Disease symptoms not yet fully explained

But ultimately both lead to the destruction of nerve cells in the brain?
Yes, and in both genes, and by the way also in CLCN7, another focus of our work, both loss and gain of function lead to strongly overlapping disease symptoms – an astonishing finding that we still cannot really explain. Patients show neurodegeneration and/or impaired brain development, which cannot be easily distinguished in patients. CLCN3 mutations might also affect organs outside the nervous system, given that ClC-3, unlike ClC-6, is not only found in nerve cells, but probably in virtually all cells of the organism. However, neurological deficits and morphological brain changes are the cardinal symptom of those affected. What is astonishing is that the two transporters do not compensate each other; after all, they are located in very similar compartments within the cell, on organelles called endosomes.

These are small vesicles that take up substances from the outside, sort them, and transport some of them to lysosomes, where they are broken down. Viruses such as SARS-CoV-2 also can enter the cell via endocytosis. The entire endosomal-lysosomal pathway is very important for many cellular functions. Our aim is to clarify how these vesicles are influenced by CLC transporters and other ion channels and exchangers.

Target for new drugs identified

In previous studies, you demonstrated that mutations in other CLCN genes likewise lead to diseases.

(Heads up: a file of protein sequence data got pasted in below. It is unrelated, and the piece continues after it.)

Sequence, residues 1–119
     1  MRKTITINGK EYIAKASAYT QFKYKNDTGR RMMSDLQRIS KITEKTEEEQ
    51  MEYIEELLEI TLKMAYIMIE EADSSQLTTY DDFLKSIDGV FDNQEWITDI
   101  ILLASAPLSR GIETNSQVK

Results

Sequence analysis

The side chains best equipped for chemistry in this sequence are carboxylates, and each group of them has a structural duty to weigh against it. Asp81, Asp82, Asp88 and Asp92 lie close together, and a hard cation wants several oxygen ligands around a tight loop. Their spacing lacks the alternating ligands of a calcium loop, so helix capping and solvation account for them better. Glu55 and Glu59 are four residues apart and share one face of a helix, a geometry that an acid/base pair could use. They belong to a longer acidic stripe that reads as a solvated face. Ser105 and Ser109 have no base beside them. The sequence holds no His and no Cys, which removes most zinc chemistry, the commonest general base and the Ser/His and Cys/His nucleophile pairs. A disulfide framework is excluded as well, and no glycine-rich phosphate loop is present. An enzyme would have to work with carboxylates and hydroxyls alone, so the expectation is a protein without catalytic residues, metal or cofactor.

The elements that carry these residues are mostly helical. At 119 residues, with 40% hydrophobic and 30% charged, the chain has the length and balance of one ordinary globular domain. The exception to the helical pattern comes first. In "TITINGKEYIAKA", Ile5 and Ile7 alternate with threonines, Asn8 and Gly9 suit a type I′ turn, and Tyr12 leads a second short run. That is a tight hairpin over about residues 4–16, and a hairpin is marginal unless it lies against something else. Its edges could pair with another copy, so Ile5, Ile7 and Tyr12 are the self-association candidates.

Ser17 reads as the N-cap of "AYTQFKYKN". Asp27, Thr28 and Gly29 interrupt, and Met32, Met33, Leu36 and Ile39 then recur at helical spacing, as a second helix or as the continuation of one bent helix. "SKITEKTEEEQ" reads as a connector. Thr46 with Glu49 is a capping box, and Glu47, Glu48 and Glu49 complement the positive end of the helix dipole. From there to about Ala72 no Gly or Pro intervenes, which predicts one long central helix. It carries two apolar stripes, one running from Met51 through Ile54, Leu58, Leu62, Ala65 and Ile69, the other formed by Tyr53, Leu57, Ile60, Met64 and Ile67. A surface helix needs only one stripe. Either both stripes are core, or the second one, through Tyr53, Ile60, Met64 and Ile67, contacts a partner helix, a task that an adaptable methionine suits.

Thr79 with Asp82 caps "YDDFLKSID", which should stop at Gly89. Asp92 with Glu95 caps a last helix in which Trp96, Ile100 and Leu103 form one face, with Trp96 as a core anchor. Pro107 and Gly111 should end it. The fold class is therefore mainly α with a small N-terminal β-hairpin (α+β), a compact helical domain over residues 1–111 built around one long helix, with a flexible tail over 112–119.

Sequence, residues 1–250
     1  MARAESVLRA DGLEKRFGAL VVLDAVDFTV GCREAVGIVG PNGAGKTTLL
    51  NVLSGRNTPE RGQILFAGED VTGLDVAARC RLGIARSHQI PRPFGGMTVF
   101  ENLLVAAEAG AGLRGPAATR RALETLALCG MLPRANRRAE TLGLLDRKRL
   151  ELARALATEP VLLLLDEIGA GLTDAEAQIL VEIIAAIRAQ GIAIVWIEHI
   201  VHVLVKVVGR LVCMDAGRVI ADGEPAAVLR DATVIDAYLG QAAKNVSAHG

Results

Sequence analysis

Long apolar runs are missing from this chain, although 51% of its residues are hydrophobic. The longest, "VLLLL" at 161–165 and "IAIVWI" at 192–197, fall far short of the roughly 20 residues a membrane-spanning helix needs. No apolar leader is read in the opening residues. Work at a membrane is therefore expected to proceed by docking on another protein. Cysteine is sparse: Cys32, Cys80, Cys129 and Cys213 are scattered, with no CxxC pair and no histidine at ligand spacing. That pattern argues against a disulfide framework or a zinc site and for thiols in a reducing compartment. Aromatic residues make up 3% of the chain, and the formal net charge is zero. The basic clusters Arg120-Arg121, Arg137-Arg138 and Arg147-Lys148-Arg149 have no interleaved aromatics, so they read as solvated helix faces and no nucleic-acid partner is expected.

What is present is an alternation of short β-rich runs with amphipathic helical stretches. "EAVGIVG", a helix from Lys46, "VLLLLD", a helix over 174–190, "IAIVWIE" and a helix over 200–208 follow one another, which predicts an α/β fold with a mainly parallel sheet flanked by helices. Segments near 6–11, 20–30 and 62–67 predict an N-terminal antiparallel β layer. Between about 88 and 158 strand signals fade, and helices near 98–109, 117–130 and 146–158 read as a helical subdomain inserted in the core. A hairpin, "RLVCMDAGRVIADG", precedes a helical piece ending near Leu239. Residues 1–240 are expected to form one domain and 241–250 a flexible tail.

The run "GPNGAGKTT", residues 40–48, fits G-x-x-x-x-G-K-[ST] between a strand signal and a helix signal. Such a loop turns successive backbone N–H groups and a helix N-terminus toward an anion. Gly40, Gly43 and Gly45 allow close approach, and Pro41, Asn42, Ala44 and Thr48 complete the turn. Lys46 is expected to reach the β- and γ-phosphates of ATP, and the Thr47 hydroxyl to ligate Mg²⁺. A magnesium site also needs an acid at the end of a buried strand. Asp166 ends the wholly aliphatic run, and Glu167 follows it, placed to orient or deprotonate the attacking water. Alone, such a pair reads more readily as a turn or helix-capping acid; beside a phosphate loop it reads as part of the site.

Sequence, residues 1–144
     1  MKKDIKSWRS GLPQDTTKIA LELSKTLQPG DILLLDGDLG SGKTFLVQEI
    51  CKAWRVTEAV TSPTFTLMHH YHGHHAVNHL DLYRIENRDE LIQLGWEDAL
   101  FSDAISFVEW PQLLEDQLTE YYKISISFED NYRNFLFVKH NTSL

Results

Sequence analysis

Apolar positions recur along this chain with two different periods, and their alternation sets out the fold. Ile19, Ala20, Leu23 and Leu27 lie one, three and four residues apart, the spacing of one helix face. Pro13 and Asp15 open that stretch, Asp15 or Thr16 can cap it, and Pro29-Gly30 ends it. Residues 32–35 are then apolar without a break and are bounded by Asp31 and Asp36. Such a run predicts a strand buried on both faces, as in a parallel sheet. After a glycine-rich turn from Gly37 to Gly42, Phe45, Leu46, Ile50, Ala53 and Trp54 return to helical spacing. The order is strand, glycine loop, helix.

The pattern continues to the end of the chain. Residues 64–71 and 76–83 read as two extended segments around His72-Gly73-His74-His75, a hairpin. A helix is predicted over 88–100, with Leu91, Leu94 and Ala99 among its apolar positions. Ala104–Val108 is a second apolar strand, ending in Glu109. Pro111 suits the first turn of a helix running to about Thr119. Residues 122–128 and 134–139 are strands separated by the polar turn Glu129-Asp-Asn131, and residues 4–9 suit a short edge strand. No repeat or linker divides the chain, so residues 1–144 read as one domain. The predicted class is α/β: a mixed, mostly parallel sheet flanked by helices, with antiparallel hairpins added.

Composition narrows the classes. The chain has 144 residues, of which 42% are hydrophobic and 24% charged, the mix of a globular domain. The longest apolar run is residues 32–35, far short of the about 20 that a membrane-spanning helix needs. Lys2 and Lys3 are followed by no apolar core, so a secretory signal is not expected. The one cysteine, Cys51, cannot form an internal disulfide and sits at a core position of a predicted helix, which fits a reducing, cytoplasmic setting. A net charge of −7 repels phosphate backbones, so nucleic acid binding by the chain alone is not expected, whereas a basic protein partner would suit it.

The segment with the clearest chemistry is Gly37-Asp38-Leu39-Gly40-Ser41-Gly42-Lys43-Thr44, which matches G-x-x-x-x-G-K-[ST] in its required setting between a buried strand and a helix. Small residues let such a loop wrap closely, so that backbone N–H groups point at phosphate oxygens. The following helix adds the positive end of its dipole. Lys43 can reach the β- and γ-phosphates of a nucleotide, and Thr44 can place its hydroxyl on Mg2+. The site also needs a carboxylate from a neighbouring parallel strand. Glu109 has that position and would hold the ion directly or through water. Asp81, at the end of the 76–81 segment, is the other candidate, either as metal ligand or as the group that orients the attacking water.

Yes, CLCN7 causes a lysosomal storage disease and severe ossification, and CLCN5 causes kidney stones, just to name two examples. We also worked on potassium channels, and discovered that mutations in one of those channels cause (refers to mutations) epilepsy in humans. This work had identified an important target for new drugs. We also found that mutations in another potassium channel lead to deafness. This shows just how relevant ion channels and ion exchangers are for our health.

And you keep on discovering new ones. After identifying VRAC in 2014, you netted another previously unknown ion channel recently.
Two years ago, we successfully identified the gene for the acid-sensitive chloride ion channel ASOR. Although this channel is located in part on the same vesicles as CLCN exchangers, it does different things. We are actively investigating what exactly it does for the cell and the organism. I wouldn’t be surprised if it turns out that mutations in ASOR underlie human pathologies. So, this field continues to be extremely exciting.

The interview was conducted by Beatrice Hamberger and translated by Teresa Gehrs.


About the study
A dozen international partners, from Harvard Medical School, Consiglio Nazionale delle Ricerche and other institutions from a total of six countries, were involved in the study.

Anna R. Duncan et al (2021): „Unique variants in CLCN3, encoding an endosomal anion/proton exchanger, underlie a spectrum of neurodevelopmental disorders“, in “American Journal of Human Genetics” (AJHG), DOI: 10.1016/j.ajhg.2021.06.003

Prof. Dr. Thomas Jentsch
Department Physiology and Pathology of Ion Transport
Leibniz-Forschungsinstitut für Molekulare Pharmakologie (FMP)
Physiology and Pathology of Ion Transport Lab
Max-Delbrück-Centrum für Molekulare Medizin in the Helmholtz-Association (MDC)
Phone +49 30 9406 2961

Silke Oßwald
Public Relations
Leibniz-Forschungsinstitut für Molekulare Pharmakologie (FMP)
Phone +49 (0)30 94793 104



Leibniz-Forschungsinstitut für Molekulare Pharmakologie im Forschungsverbund Berlin e.V. (FMP)
Campus Berlin-Buch
Robert-Roessle-Str. 10
13125 Berlin, Germany
+4930 94793 - 100 
+4930 94793 - 109 (Fax)